The Best Starter Bikes for Beginners
We have all been there. You’ve just passed your test and are now looking to make a move to serious motorcycle riding, but what is the best bike for beginners? Plus, younger beginners also have to consider how much they are able to pay for their first motorcycle, which can sometimes limit your options.
Here at VMR, besides offering you high-quality, professional motorcycle paint to give the second-hand bike you just bought a new look, we also care about you. This article takes a look at some of the best beginner bikes from some of the top manufacturers such as Honda, Harley Davidson and Yamaha, in the hopes of you feeling confident you have made the right choice when you buy your first ride.
Yamaha created one of the best superbikes of all time in the R1, so it should come as no surprise that its baby brother, the R3 is just as spectacular. It has the superbike look and the engineers at Yamaha have managed to make the 321cc machine absolutely fly. The handling and suspension also feel superb, fast but manageable. If you are looking to ride on tracks or are a speed demon, this is the beginner bike for you. Plus, it will cost you less than $5K too.
The CB range from Honda is renowned for being easy and fun to ride. It weighs in at just 317 lbs, and rocks some Showa suspensions, making the baby CB the real deal. It doesn’t look or feel like a beginner bike. The handling is firm and responsive, while the 286cc single cylinder engine provides ample acceleration for city and highway journeys. Honda are experts at creating the full package, and if you want a great all-rounder to start off your riding career, this is a great bike to choose.
Kawasaki Ninja 400
The only reason we have put this bike on this list is because of how much power the 399cc engine is capable of delivering. And its stunning looks. And superb handling. And the comfortable riding position. And, well… it is a long list of things we like about the Ninja 400. Including the price tag.
Harley Davidson Sportster Iron 883
The only bike on this list above 500cc, and it of course, comes from Harley. There is nothing I need to tell you guys about Harley Davidson’s that we haven’t already mentioned before. This bike, despite being larger than the rest on the list is a good beginner bike because of its lowered suspension, giving a stable ride and an engine that is designed to go for miles on end, not ridiculous miles per hour. A comfortable ride on a gorgeous bike is something we all enjoy, and now beginners can too. Of course, all that extra bang, comes for extra buck, so it may not be affordable for every beginner.
KTM 390 Duke
The KTM Duke family is easy to fall in love with, from the 1290cc SuperDuke all the way to the youngest member of the family, the 390 Duke. Torquey engines with the grunt to get you anywhere you need to be on the road combined with an up-right and comfortable riding position make for an excellent beginner bike, and also for those experienced riders looking for something fun, cheap and reliable for weekend ride outs.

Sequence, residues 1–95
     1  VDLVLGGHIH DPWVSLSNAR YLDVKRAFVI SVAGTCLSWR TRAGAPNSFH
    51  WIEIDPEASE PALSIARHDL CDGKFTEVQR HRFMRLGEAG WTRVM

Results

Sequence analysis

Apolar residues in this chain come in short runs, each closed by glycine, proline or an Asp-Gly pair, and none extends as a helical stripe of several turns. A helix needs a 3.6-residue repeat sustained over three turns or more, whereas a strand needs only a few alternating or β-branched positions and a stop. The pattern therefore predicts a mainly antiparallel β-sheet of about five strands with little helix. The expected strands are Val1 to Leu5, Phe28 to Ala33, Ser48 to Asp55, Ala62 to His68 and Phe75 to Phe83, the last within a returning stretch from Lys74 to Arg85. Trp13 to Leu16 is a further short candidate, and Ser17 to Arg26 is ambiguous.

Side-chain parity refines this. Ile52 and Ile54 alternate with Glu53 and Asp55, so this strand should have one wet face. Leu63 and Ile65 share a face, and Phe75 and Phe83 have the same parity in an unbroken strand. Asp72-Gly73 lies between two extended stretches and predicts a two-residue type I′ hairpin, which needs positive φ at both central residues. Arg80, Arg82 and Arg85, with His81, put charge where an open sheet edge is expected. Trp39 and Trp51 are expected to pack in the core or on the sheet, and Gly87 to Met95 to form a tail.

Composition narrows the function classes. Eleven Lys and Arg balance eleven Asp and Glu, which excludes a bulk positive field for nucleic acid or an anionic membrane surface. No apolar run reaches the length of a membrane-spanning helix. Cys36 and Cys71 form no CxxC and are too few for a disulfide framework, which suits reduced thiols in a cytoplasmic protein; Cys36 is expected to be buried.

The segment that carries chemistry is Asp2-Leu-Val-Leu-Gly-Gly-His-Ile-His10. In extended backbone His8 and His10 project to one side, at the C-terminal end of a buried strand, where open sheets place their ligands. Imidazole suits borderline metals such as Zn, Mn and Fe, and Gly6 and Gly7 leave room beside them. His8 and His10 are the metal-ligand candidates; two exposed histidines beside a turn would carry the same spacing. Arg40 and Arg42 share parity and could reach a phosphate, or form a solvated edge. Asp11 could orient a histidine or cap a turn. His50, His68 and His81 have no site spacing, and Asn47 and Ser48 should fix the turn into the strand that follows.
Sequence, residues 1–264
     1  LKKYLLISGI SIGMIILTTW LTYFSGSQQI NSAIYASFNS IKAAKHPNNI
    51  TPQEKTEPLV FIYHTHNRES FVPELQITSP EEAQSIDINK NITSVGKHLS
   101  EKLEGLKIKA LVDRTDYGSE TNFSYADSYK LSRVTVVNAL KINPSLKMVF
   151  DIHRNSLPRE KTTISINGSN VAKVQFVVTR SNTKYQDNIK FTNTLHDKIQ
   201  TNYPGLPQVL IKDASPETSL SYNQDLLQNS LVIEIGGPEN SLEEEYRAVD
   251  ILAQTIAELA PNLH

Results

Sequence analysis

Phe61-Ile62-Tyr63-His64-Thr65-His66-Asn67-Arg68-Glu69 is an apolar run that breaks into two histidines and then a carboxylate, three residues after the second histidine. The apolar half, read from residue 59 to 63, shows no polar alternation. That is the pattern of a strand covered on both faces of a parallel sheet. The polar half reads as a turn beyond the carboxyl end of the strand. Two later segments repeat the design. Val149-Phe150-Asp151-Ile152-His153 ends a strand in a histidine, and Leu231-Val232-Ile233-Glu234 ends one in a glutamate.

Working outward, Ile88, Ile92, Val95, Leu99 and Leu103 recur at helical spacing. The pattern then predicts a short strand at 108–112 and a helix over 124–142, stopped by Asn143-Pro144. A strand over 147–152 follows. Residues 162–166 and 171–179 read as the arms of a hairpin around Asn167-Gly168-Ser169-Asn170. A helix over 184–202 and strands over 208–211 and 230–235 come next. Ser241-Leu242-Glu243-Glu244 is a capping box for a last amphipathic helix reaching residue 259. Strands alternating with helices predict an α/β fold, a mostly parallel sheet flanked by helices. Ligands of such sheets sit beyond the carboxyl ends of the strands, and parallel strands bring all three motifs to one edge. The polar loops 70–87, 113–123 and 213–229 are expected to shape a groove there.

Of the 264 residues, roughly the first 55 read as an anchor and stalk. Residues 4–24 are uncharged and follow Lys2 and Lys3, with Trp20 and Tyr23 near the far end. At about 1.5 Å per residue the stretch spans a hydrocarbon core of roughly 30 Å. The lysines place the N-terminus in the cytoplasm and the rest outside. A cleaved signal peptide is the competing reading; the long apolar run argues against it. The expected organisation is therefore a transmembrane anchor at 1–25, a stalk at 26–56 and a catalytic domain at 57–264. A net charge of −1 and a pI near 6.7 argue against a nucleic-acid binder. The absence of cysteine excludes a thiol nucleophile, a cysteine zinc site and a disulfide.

MT stands for Master of Torque and the big brothers of this bike have shown to be just that. Ask anyone who has ever ridden an MT and they will tell you they love it. The baby of the family is no exception.
A bike that has not changed, beside technological upgrades, in decades. For some, that might be a bad thing, but for this old school dual-sport Suzuki, it is far from it. Off-road looks combined with road hugging tyres makes for an excellent first ride. This model has been tried and tasted through generations, so you can feel confident you are getting a great bike at a great price for just over $7,000.
Naked bikes are fun, cheaper and easier to ride than most bikes, and despite the BMW being a little on the heavy side, weighing in at 411lbs, it is no exception. The 313cc single cylinder engine is as impressive as you might expect from the German manufacturer. You will be flicking through twisty corners with the best of the bikes in its class, but also enjoying comfortable and effortless rides while commuting through the city too.
So far, those bikes are new, straight off the shelf models. However, not all riders can have the luxury of a brand-new bike and are looking for something cheaper and just as good, so we go second-hand. There are certain things you need to look out for when buying second-hand bikes, so watch out for them.
Kawasaki Ninja 300
There really is no better used sports bike to buy when starting out. The Ninja 300 is a direct competitor to the R3 mentioned above and there is very little to choose between them. The Kawasaki has a 296cc, liquid-cooled, 4-stroke twin which can take you to speeds above 105 mph.
You can also ride all day on your Ninja, with a claimed 60+ miles per gallon rating. Plus, buying a decent second-hand model can save you anywhere between $800 and $1,000 of the MSRP.
Honda Rebel 300
The Honda Rebel 300 is a cruiser which is all about style. The 286cc liquid-cooled four stroke engine offers plenty of mid-range power, ideal for new riders, and you can easily costumize your machine. An estimated 78 mpg means you can cruise all day and go wherever your heart takes you. The shorter wheelbase also ensures you have no issues throwing the 364lbs (wet) machine around corners either.
We mentioned earlier that the CB family from Honda make ideal first bikes, and the CB500F is a perfect example. It is reliable, comfortable and a great all-rounder, a stamp of Honda’s pedigree. The CB500F has historically been a perfect starter bike for generations, so finding one won’t be too difficult.